In her launch video, Cisneros took aim at Cuellar, calling him “Trump’s favorite Democrat,” touting his opposition to sanctuary cities and Planned Parenthood funding, and painting him as a tool of the “big corporations” who fill his campaign coffers. (More than half of Cuellar’s fundraising this cycle has come from PACs.) Cuellar’s proudly conservative voting record makes him such a natural target for a progressive challenge and national grassroots energy. But Cisneros is not just running against Cuellar. She is also running against the regional economy as it currently exists.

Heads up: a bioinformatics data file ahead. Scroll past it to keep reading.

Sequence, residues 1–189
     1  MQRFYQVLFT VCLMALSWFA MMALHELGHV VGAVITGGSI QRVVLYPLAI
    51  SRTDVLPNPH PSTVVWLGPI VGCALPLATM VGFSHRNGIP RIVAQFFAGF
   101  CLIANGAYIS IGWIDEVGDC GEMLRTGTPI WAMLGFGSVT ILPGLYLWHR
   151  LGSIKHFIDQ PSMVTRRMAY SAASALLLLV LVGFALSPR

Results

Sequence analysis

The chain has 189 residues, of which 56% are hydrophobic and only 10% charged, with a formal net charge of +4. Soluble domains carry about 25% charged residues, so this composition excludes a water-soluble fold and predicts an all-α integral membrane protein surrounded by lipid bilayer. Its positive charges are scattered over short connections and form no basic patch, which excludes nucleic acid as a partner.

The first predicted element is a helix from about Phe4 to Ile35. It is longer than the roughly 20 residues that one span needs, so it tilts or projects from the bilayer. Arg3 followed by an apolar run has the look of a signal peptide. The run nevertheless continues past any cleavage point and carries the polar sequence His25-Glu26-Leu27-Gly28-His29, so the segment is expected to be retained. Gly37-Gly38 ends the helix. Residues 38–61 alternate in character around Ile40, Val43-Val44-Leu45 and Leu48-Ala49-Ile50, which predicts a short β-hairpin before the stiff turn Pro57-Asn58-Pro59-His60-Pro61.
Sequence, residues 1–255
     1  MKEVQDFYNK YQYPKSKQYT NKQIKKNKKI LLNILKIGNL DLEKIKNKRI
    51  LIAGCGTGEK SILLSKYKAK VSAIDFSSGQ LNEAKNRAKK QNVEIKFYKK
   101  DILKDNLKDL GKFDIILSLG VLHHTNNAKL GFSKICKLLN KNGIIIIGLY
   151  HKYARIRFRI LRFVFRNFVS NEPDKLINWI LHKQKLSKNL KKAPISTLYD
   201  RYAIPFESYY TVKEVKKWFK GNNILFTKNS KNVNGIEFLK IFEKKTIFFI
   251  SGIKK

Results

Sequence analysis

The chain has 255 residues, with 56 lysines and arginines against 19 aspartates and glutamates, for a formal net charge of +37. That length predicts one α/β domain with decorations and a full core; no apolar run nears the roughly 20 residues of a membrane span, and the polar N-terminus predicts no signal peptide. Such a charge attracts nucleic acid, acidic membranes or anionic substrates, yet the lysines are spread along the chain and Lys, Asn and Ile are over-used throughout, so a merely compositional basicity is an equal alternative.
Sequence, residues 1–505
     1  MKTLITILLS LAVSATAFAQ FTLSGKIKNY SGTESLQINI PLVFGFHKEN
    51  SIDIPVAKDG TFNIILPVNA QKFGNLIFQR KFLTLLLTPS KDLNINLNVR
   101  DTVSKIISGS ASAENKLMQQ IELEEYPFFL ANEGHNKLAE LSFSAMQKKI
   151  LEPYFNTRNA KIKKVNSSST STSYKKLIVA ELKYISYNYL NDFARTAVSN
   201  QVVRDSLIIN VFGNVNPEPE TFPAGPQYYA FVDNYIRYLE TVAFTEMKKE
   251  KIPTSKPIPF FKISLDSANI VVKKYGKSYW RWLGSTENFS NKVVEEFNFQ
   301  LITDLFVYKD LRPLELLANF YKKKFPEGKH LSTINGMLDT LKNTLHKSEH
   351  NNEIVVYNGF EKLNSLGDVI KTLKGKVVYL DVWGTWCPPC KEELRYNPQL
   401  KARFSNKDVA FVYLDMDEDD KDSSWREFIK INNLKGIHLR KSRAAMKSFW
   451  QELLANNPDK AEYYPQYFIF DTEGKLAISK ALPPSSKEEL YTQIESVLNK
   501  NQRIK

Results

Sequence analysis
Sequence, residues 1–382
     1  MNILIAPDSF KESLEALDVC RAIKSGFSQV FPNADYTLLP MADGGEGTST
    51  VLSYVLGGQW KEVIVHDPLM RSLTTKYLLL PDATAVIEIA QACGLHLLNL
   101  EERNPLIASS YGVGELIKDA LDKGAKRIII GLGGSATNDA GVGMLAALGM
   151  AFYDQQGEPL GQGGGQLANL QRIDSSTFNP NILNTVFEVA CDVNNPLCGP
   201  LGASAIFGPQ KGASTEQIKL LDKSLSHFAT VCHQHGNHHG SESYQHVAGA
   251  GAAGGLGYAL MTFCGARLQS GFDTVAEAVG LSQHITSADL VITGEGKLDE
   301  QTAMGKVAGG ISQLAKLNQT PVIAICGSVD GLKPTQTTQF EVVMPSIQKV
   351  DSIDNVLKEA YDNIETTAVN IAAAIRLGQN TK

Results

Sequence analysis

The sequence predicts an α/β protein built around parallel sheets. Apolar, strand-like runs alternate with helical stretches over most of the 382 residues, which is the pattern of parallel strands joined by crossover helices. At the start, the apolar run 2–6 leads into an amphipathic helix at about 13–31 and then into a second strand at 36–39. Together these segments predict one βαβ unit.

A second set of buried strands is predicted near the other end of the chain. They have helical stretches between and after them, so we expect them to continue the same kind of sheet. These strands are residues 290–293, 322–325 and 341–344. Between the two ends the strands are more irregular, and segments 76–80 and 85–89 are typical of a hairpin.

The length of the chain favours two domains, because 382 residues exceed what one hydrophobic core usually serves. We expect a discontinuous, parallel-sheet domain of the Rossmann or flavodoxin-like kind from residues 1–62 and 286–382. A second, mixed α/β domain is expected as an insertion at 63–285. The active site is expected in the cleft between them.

The past two decades have seen a boom in federal law enforcement jobs in South Texas and a growing infrastructure of detention facilities to house immigrants caught in the ever-expanding dragnet. The Laredo area alone houses three ICE detention centers, including the Rio Grande Detention Center, run by the GEO Group, the nation’s largest private prison company. The number of Border Patrol agents in the Laredo sector has nearly doubled since 2002. Cuellar has received hundreds of thousands of dollars from GEO, and he boasts of the border security pork he’s brought to his district. Cisneros said Cuellar has created a “dependence” on border security jobs at the expense of other kinds of investment—in health care, education, housing, and new industries. And it’s a corrosive kind of monoculture, creating jobs for some Laredoans by depriving others of their freedom. She recently heard from a woman whose daughter had been put in deportation proceedings after being pulled over with a busted taillight. “Instead of her working, being with her kids who really need her, private prisons like GEO Group are making thousands of dollars off her while she’s being detained there,” she said. Who was this economy really for?